The exception to this rule is during relaxed, quiet breathing such as meditation or sleep. During those times, we naturally breath in and the exhalation takes care itself as the thoracic cavity passively recoils back to its initial less expanded position.
The Muscles of Breath
As with any discussion around breathing, we must come to the diaphragm. Click here to see images of it to help follow in the next couple paragraphs. We can understand this muscle as a jellyfish or parachute shaped muscle located between the two cavities. It is a domed muscle, with one side of dome going higher into the thoracic cavity due to the liver pushing up from below and the heart pushing down on the other side of the dome.
The muscle itself is as high as the third and fourth ribs and its lowest fibers (mostly as a central tendon that begins strongly connected to the tissues of the heart) extending along the spine into the lower back. The diaphragm can be understood as a place of anchoring for connective tissue that surrounds both cavities- especially those of the lungs, heart, and abdominal organs. As the diaphragm moves it is both stabilized by these connective tissues and organs, which provide resistance even as they are moved by the action of the diaphragm.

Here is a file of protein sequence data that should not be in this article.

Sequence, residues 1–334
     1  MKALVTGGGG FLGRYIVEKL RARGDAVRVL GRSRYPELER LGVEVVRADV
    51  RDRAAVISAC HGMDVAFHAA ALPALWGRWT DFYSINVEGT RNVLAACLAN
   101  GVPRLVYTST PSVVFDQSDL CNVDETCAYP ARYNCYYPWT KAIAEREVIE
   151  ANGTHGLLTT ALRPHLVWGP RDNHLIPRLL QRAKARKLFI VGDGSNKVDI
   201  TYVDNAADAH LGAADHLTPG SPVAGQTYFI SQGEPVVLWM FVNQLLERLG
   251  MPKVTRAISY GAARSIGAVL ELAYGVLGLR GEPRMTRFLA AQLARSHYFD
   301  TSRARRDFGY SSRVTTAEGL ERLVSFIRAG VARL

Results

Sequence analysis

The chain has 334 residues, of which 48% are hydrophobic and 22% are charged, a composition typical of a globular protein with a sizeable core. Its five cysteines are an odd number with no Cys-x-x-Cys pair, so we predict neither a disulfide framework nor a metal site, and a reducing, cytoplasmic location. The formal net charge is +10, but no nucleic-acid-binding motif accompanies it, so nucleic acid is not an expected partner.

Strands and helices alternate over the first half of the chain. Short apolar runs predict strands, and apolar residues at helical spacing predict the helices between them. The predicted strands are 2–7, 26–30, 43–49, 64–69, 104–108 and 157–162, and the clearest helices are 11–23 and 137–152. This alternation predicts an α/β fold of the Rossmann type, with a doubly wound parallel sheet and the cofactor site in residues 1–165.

As the diaphragm contracts, it pulls the two extreme ends of itself towards each other. This means that the central tendon connecting to the lower back contracts closer to the base of the rib cage where the dome of the muscle is located. This is how both cavities change shape, which is also determined by which part of the muscle is more stable versus more mobile.
Its important here to remember that all breath is diaphragmatic breath and no breath is necessarily worse than another. Belly breathing is sometimes called the diaphragmatic breath, but that is quite misleading. Belly breathing is caused by the lower attachments of the diaphragm (base of the rib cage) being stable while the domes or upper attachments being mobile. Chest breathing is the reverse of this. If we released muscular action in both cavities, we'd have the belly and chest expanding roughly equally.
Breath training happens when accessory muscles are trained and integrated with the action of the diaphragm. The diaphragm itself is something we have some control over but more with timing rather than starting and stopping- since we can't force ourselves to stop breathing.
Let's take a quick look at the accessory muscles. The internal intercostals, transversus thoracis, and several others pull the rib cage downward, which leads to a belly breath. The lower abdominal muscles stabilize the upper attachments of the diaphragm to create a chest breath. Depending on which type of breath we are doing, one set is tensed while the other set of accessory muscles remains relaxes.